Last Updated on October 26, 2018, by eNotes Editorial. Word Count: 576
In Parable of the Sower , Southern California in 2024 is a landscape of devastation caused by environmental disasters and governmental corruption. Evil flourishes because of power conflicts between the rich and the poor, who are sharply divided in a segregated society. Lauren Oya Olamina (an African tribal name) is...
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In Parable of the Sower, Southern California in 2024 is a landscape of devastation caused by environmental disasters and governmental corruption. Evil flourishes because of power conflicts between the rich and the poor, who are sharply divided in a segregated society. Lauren Oya Olamina (an African tribal name) is the daughter of a Baptist preacher and educator. Her mother has died of a drug overdose. The family lives in the walled town of Robledo, near Los Angeles. Lauren is a “sharer,” one who suffers from hyperempathy, the ability to feel the pain of others, a delusional condition which inhibits her ability to act in a crisis.
Environmental disasters have caused a scarcity of natural resources. There has been no rain for years; people will kill for water. Only the wealthy can afford to bathe and wash their clothing; the poor are identified by their filthiness. Police and firefighters are corrupt and must be paid for their services. Feral dogs rove the countryside, killing humans. Lauren, fifteen, admires her father but rejects his traditional Christianity. She has begun a notebook with a series of short poems which reflect her growing belief in her original philosophy, which she calls Earthseed. God, she believes, is Change, and there is no heaven to offer comfort. People must adapt and depend on one another and on their own natural abilities to live in an indifferent world.
Butler’s description of life under these conditions is unsparing. Drug-addicted gangs of pyromaniacs kill for pleasure and burn their victims alive. Robledo is an armed camp, walled in against the outside world. Corporations exploit their indentured workers in a revived form of wage slavery. Women and children are frequent victims of rape. Lauren believes that her father’s traditional religion is useless in this state of anarchy.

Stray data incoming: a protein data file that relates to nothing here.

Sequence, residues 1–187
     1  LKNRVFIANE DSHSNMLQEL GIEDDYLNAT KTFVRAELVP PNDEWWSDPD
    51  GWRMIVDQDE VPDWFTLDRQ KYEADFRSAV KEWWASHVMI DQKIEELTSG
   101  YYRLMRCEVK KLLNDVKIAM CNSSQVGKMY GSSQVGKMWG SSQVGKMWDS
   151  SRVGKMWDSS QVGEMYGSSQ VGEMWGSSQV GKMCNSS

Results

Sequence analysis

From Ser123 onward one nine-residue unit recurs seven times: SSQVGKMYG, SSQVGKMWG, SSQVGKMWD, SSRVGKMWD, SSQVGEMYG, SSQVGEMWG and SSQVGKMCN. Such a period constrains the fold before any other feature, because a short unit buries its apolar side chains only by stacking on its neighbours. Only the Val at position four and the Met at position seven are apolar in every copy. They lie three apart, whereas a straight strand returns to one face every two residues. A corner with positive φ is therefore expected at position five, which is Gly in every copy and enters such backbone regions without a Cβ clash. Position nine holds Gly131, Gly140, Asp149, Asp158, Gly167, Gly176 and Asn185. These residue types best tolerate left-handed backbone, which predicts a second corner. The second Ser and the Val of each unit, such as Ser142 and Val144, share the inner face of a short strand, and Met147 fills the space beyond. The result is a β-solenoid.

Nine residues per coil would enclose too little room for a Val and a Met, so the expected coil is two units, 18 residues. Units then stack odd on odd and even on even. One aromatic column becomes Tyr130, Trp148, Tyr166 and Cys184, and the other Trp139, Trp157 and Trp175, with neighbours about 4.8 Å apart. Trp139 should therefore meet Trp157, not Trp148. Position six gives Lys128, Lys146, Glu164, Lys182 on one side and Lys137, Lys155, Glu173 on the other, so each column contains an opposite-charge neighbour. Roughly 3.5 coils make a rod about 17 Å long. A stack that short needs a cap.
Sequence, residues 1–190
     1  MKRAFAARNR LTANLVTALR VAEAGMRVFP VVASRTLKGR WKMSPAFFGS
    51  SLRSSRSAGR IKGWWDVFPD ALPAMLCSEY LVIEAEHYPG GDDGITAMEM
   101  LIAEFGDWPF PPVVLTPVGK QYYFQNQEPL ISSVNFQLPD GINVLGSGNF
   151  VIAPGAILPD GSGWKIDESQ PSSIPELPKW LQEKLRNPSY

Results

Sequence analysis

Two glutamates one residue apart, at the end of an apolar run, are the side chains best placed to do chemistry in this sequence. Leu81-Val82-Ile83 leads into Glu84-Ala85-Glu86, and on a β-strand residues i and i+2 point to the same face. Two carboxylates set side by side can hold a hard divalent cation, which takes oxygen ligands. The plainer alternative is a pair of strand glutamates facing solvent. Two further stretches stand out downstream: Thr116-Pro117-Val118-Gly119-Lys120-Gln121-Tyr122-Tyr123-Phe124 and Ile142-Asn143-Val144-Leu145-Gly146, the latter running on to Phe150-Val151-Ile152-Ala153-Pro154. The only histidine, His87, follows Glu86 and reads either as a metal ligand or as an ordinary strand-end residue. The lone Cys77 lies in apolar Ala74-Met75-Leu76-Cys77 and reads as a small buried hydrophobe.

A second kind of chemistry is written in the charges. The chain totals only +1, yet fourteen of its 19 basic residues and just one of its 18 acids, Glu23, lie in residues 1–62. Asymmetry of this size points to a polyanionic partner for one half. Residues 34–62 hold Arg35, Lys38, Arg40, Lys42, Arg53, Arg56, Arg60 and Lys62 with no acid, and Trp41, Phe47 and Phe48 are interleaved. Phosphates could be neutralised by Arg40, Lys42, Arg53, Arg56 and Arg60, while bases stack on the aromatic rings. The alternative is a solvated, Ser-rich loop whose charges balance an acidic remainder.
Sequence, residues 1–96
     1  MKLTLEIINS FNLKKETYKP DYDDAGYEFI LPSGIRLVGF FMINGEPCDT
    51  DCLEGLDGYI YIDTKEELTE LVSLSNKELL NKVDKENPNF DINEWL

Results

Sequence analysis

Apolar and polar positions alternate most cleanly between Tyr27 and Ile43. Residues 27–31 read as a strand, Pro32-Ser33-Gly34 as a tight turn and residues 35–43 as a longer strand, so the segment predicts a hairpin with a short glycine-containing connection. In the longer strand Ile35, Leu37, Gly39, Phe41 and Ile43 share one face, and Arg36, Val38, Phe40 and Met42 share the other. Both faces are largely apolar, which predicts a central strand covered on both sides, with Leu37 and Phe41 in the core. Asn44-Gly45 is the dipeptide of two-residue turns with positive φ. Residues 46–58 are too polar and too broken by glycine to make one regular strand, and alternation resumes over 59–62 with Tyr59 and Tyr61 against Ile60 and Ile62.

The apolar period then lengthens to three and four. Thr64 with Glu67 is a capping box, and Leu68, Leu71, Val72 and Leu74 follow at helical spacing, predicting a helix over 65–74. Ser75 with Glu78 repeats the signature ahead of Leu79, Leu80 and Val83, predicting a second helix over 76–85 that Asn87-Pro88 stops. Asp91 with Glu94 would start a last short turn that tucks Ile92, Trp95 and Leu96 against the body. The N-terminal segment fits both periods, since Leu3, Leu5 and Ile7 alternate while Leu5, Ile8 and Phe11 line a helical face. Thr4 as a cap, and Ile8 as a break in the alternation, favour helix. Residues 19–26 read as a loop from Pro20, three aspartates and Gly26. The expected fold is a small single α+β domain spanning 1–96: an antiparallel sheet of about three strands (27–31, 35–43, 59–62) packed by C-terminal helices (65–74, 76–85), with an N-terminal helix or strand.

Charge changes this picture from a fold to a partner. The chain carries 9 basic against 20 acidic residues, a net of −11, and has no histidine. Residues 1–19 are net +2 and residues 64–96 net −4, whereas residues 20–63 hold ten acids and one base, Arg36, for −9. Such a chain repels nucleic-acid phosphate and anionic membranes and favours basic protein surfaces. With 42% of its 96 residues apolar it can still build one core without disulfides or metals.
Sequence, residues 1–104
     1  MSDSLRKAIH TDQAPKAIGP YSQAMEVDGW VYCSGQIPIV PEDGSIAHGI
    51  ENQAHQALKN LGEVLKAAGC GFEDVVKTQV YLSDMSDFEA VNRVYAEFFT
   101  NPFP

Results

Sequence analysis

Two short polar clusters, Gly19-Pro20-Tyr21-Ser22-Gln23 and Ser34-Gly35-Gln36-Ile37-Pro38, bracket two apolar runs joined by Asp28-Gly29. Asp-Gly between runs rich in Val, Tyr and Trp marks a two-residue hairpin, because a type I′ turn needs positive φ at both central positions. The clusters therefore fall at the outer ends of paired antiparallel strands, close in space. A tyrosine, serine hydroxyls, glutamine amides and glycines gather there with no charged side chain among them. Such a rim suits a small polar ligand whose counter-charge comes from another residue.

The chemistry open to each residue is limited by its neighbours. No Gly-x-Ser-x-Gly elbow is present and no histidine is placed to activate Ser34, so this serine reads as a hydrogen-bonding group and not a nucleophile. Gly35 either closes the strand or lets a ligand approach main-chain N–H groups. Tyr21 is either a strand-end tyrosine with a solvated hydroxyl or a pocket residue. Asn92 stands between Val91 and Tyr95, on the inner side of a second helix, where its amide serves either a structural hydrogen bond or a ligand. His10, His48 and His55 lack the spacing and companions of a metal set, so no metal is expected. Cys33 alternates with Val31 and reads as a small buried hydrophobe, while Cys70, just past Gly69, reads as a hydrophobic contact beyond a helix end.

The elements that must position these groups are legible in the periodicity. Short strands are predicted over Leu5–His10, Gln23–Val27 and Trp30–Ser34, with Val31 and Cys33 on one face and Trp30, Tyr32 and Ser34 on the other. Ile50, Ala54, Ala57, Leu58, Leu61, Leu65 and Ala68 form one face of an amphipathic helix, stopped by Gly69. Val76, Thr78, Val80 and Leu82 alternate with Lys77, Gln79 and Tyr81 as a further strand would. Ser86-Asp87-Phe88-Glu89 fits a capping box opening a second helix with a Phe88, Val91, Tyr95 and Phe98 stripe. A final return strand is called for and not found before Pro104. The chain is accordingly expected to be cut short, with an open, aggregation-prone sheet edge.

The mutilation and murder of Lauren’s fourteen-year-old brother, Keith, by a crazed gang of drug addicts signals the community’s coming destruction. Her father goes missing and is presumed dead. When arsonists set fire to the town, Lauren escapes with her emergency backpack, along with several surviving friends. Lauren, who is unusually tall, dresses as a man for her own protection and begins her journey north among the countless refugees walking on the California freeways.
Lauren’s first-person narration is a detailed account of her hellish odyssey, with numerous deaths and narrow escapes. Finally the group that she has gathered, which has survived by killing in self-defense, arrives at a coastal California town. Here Lauren, eighteen, marries an older man, Taylor Bankole, who protects and loves her. Although Bankole is a physician without religious convictions, he supports Lauren’s missionary commitment to Earthseed and the community she founds.
Lauren’s journey chronicles her growing leadership qualities and is an incisive psychological profile of the challenges a prophetic leader faces in forging a community from a diverse collection of survivors. Both Lauren and the community grow successfully because they respect racial diversity and gender and age differences. They also tolerate discussion and dissent.
The narrative portrays keen psychological insight, perceptive character development, and a clear call for tolerance for human difference as the key to survival. The story concludes with a passage from the Gospel of Saint Luke, the parable of the sower whose seed falls on good ground and bears fruit. Earthseed, the ideal self-contained community with its humane principles of inclusion and hard work, offers some hope that it will bear fruit in a hostile world.